The people who called the police on James Boyd certainly shared this fear and they acted in an all-too-common way in invoking the armed, violent, uniformed defenders of property to calm their nerves. Having grown up in a white suburb, this attitude of fear, repulsion, and stigmatization is very familiar to me.
Clearly the police – the armed wing of the state – cannot be trusted to deal with the deepest malfunctions of our society. This has nothing to do with metaphysical value judgments of “good” or “bad” cops. It feels absurd to have to say this, but I hope it rings true for all of you: We need care for the ill, not state-sanctioned murder. I support reforms to the police department, but that is not enough. We need to take people off the collision court with the police and use our collective resources to heal rather than suppress. There have been many measures suggested this evening that can be immediately implemented and others which are long-term goals. Act on them. The people demand it.
Sally Dyer spoke next, introducing herself as a former police officer. She spoke out against “this growing practice of bringing information before the citizens to judge” as “citizens don’t have any facts of the case.” The real problem she called attention to is that “Officers are being fired without due process.”
Steve Torres, whose son was shot and killed by APD, gave out copies of APD’s procedural order 2-13, “Response to the Mentally Ill/Suspected Mentally Ill and People in Crisis”. He referred to the policy and its intent to bring police encounters with mentally ill persons “to a desirable resolution.” He described numerous encounters, including the recent murder of Boyd, and told the council “these policies were in place when my son was killed.” As Torres led the council through the policy and the ways it has been violated time and again by APD, his two minute-limit ran out. Brad Winter asked Torres to continue, displaying interest and compassion that seemed largely absent from the council. Torres then took another minute going through the points of the procedure that APD officers have brazenly violated in incidents where they took people’s lives . He then asked, “Why are these procedures not being enforced?” He then turned and asked Chief Eden—who had been sitting quietly in the back of the meeting surrounded by angry looking police in nice suits—the same question. Torres was told by President Sanchez to address the council, and he quietly concluded and returned to his seat unanswered by either the council or Chief Eden.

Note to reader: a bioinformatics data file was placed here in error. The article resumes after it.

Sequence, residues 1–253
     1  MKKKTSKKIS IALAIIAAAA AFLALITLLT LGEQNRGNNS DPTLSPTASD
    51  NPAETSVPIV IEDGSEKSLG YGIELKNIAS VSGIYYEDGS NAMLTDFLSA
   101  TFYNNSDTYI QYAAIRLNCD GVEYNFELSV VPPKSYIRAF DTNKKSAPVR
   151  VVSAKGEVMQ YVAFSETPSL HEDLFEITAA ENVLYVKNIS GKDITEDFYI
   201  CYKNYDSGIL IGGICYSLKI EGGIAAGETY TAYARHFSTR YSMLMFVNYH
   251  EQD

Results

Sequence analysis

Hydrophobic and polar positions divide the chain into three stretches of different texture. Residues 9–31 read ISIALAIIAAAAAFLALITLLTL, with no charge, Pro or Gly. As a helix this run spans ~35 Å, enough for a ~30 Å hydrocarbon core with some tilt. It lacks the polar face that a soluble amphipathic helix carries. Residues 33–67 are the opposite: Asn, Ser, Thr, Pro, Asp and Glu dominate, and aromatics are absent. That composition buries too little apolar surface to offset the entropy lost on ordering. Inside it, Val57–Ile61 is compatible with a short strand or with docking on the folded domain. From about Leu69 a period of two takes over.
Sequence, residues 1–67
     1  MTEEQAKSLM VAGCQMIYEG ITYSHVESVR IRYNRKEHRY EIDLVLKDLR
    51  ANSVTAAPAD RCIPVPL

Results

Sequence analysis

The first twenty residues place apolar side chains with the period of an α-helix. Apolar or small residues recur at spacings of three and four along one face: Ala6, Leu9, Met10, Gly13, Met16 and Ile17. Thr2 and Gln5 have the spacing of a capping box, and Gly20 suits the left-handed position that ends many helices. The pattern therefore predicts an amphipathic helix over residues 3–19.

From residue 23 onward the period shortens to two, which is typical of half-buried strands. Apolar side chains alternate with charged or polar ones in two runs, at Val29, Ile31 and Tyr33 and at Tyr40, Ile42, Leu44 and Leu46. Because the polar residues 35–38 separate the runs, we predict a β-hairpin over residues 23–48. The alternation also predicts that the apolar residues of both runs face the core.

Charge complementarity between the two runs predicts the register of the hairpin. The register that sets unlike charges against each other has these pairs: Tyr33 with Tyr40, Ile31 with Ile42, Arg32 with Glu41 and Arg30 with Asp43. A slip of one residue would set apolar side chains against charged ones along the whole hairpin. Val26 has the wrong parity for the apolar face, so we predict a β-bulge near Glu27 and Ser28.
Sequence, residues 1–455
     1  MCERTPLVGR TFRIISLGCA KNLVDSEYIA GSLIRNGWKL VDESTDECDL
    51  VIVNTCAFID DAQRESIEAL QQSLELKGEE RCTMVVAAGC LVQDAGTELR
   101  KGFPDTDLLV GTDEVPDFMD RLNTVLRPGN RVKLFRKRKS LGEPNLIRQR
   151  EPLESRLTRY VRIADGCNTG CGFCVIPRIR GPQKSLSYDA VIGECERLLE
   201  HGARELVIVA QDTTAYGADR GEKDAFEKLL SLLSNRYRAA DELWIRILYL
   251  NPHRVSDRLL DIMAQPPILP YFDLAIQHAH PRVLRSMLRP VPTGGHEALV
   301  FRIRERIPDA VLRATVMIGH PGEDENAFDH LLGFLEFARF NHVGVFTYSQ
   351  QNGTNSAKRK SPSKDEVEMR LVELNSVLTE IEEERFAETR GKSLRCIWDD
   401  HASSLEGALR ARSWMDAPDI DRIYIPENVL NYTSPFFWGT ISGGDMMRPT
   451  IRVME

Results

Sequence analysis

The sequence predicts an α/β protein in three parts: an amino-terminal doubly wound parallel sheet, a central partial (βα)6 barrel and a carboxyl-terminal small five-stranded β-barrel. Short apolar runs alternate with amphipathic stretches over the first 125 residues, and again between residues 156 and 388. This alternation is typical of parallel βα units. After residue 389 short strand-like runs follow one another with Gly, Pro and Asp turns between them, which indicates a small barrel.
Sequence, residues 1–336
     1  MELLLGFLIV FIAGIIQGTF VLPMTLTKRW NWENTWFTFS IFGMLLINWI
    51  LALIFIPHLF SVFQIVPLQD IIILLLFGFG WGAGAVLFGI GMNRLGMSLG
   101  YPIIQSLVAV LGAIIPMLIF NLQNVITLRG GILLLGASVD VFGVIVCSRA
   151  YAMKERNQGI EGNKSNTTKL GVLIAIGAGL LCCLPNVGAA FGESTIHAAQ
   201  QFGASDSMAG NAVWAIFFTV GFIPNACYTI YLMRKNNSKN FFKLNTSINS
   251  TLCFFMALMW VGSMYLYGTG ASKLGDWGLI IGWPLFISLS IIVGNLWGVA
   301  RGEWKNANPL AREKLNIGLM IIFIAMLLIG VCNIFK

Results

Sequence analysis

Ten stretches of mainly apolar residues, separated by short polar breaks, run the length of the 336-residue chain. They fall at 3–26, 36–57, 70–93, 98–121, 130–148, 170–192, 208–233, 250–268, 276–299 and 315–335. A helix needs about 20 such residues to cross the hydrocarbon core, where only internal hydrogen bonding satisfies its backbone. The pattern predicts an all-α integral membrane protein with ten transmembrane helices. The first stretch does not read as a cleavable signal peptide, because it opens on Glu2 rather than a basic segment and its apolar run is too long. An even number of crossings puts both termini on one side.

Derek Garcia, a local attorney, said the city’s policing problems could be solved by returning to a holistic method of community policing. Derek Anderson, a UNM undergraduate, informed the council about research he had done through UNM’s databases, citing evidence that public expenditures on affordable housing programs save money in the long term by reducing the costs of addressing homelessness through incarceration and emergency health care. The cost-benefit ratio had been proven in other cities, Anderson noted, and he urged the council to consider a housing program. Councilman Don Harris responded to Derek Anderson, possibly mistaking him for Derek Garcia, stating that “holistic solutions” are impracticable, and then muttering something about different levels and entities of government. Garduño followed up by thanking Anderson for bringing up the evidence on the benefits of affordable housing programs. Garduño noted that he was a proponent of such programs, but that the council had “looked at it and it was turned down.”
Alex Evans, one of the last to speak, walked to the podium with a cane. After a short pause, he deliberately read the following note from his iPhone:
My name is Alex Evans. I am a mentally ill man and a recovering addict. To many officers, that defines me as a threat. But I am not a threat. I have been blessed to have a family and friends who support me, and I have been lucky enough to have a roof over my head and food to eat. I see many people on the street who are not lucky enough to have resources to be treated for mental illnesses and substance abuse. I am part of a population that is neglected by our government. I demand that my mentally ill sisters and brothers are given more resources to get them off the street, and back on their feet. Officers have a responsibility to try and diffuse potentially violent situations, not to aggravate them. APD needs to change this pattern of shoot first and ask later, by any means, because people like myself should not have to fear a bullet in the back!
At 10:05 the public comment came to a close. Garduño asked the council to (1) request the DOJ take over APD, and (2) direct the new police chief to be placed under the jurisdiction of DOJ. Additionally Garduño stated that he would be introducing legislation to change the city charter such that the police chief position is determined by a public vote.